On this day in oil and gas: July 19 - SS Great Britain

July 19th, 1843, Bristol, United Kingdom – It is a dreary Wednesday morning at Bristol Docks. Despite the drab conditions, thousands line the quayside in anticipation. By midday they will have all witnessed a piece of maritime and world history.

The event that everyone in town - including the Royal Consort, Prince Albert – had come to see, was the launch of the SS Great Britain, brainchild of engineer supreme, Isambard Kingdom Brunel. Five years in the making, when she floated out she was a record-breaker - the largest ship ever built by more than 1,000 tons. While this was impressive, her real innovation was lay beneath the surface. SS Great Britain was the first iron-hulled, ocean-going ship to be driven by a screw propeller. Although there were many teething problems with the design – the ship rolled frighteningly in rough seas and ran aground in her second year of service – the fuel economy and efficiency of the screw propeller versus the paddlewheel made it the method of propulsion of choice for sea-going craft to this very day.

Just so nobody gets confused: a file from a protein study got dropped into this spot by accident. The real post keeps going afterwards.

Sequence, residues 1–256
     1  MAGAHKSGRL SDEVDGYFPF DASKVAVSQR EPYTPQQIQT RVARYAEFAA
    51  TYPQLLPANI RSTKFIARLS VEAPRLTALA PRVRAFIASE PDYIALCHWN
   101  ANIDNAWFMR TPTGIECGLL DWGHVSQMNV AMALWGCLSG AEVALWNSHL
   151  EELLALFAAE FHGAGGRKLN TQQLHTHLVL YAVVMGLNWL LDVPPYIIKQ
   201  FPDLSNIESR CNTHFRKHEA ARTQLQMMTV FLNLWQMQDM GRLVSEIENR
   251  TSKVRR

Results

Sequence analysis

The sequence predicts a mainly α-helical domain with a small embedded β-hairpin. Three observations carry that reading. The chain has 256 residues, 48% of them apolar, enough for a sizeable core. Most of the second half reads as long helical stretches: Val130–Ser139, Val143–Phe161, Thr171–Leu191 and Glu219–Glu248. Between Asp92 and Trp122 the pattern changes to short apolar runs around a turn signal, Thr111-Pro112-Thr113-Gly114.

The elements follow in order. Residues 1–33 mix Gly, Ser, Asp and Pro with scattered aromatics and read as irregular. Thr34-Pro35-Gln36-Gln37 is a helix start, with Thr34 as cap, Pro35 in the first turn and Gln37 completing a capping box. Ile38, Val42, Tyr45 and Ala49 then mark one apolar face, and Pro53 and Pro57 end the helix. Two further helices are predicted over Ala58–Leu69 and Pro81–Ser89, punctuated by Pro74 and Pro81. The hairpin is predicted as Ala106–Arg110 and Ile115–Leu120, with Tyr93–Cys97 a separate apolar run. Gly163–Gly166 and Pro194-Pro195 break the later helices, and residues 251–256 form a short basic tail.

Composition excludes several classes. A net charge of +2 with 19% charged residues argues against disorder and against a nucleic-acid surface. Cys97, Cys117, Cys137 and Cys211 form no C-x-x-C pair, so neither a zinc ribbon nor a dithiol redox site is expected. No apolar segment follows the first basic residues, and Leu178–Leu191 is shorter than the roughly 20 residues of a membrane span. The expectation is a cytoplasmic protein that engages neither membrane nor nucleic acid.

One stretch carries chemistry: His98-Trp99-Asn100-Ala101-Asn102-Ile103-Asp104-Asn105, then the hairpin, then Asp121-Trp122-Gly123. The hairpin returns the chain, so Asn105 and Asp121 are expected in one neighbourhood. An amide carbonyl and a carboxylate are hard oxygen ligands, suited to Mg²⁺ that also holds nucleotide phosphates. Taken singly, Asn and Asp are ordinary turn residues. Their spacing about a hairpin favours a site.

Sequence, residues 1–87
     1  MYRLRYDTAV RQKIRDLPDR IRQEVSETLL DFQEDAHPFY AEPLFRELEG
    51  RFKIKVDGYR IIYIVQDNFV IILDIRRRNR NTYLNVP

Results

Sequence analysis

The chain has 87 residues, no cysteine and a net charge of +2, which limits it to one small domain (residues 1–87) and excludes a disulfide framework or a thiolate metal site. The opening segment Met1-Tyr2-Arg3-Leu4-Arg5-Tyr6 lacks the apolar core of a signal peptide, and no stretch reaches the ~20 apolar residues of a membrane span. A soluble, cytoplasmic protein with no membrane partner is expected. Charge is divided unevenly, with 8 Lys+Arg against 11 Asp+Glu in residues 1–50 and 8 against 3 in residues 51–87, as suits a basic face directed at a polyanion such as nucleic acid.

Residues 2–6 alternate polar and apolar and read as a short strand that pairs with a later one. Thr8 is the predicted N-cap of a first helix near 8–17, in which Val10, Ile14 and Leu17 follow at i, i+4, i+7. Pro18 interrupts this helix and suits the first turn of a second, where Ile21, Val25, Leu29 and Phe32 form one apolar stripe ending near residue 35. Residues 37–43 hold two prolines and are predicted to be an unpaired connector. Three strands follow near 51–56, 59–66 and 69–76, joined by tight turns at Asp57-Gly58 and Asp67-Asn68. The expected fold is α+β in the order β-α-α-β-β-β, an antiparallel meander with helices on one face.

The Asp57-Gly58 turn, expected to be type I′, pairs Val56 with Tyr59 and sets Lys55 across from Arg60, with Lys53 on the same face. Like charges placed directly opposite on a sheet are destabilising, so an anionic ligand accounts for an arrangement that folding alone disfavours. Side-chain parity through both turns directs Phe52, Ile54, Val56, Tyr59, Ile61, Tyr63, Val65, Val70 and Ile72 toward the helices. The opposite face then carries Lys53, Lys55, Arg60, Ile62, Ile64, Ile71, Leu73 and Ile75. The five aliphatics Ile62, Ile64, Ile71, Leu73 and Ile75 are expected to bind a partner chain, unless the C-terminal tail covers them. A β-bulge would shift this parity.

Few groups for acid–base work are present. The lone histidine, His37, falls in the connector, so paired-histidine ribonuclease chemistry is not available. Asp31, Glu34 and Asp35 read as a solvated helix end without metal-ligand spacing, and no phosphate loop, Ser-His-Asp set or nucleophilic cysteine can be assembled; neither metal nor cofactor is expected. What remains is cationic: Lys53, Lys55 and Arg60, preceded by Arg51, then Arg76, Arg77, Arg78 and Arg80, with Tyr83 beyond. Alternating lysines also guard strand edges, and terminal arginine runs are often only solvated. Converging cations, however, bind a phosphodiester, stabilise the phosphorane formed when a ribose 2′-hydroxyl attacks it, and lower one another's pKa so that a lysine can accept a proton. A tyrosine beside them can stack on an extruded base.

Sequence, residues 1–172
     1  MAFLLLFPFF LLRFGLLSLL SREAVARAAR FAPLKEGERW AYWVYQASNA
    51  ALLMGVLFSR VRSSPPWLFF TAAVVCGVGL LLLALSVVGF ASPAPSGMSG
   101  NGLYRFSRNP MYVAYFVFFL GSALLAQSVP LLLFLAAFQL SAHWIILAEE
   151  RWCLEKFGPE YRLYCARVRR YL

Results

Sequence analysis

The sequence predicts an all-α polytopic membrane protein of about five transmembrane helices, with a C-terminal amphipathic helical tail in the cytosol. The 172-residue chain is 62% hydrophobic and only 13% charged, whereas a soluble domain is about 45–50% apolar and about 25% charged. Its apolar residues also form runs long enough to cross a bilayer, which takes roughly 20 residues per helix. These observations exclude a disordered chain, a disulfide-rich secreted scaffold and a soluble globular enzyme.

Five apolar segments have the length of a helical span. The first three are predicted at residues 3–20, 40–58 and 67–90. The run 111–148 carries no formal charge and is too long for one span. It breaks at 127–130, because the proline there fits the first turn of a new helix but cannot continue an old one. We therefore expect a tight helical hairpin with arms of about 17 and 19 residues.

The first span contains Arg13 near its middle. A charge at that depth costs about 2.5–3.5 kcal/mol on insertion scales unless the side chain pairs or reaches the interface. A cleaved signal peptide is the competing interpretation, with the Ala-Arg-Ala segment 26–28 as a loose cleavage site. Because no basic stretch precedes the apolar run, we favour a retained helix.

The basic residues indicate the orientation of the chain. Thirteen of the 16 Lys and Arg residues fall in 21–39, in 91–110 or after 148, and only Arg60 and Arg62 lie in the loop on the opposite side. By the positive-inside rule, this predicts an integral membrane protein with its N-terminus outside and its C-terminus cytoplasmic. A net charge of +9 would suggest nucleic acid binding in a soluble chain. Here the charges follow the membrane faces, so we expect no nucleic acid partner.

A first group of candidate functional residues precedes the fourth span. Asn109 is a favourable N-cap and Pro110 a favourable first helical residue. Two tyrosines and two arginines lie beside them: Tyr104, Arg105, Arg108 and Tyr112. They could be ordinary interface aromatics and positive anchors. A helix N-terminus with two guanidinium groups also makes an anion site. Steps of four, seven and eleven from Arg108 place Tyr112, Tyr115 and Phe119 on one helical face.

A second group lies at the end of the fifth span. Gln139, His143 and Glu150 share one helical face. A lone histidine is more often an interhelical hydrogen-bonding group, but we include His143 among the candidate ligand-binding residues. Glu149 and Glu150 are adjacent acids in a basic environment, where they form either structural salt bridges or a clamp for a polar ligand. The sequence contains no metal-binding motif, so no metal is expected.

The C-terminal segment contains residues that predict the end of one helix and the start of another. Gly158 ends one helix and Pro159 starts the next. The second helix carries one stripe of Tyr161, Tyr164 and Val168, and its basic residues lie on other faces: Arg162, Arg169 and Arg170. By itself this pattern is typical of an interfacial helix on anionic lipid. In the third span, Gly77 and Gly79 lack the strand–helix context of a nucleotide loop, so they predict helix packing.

And where would oil and gas be without seafaring, eh?

PS Find out more of Kingdom Brunel’s engineering feats here



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